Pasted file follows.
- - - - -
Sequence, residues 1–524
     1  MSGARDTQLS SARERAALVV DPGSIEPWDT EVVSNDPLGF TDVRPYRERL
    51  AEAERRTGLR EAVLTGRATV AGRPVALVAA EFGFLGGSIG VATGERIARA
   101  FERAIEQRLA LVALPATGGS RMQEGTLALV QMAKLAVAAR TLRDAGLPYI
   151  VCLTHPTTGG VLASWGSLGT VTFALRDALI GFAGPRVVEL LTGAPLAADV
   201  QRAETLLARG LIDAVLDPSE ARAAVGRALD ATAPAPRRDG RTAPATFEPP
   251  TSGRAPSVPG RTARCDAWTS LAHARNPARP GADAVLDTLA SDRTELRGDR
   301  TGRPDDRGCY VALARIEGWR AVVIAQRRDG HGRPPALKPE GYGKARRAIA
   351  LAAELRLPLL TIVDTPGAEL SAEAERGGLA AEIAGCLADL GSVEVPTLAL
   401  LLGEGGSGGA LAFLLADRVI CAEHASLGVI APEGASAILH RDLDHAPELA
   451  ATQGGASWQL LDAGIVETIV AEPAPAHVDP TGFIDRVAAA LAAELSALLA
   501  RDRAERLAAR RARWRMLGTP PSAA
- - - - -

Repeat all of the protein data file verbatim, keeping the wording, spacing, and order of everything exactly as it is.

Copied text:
Sequence, residues 1–524
     1  MSGARDTQLS SARERAALVV DPGSIEPWDT EVVSNDPLGF TDVRPYRERL
    51  AEAERRTGLR EAVLTGRATV AGRPVALVAA EFGFLGGSIG VATGERIARA
   101  FERAIEQRLA LVALPATGGS RMQEGTLALV QMAKLAVAAR TLRDAGLPYI
   151  VCLTHPTTGG VLASWGSLGT VTFALRDALI GFAGPRVVEL LTGAPLAADV
   201  QRAETLLARG LIDAVLDPSE ARAAVGRALD ATAPAPRRDG RTAPATFEPP
   251  TSGRAPSVPG RTARCDAWTS LAHARNPARP GADAVLDTLA SDRTELRGDR
   301  TGRPDDRGCY VALARIEGWR AVVIAQRRDG HGRPPALKPE GYGKARRAIA
   351  LAAELRLPLL TIVDTPGAEL SAEAERGGLA AEIAGCLADL GSVEVPTLAL
   401  LLGEGGSGGA LAFLLADRVI CAEHASLGVI APEGASAILH RDLDHAPELA
   451  ATQGGASWQL LDAGIVETIV AEPAPAHVDP TGFIDRVAAA LAAELSALLA
   501  RDRAERLAAR RARWRMLGTP PSAA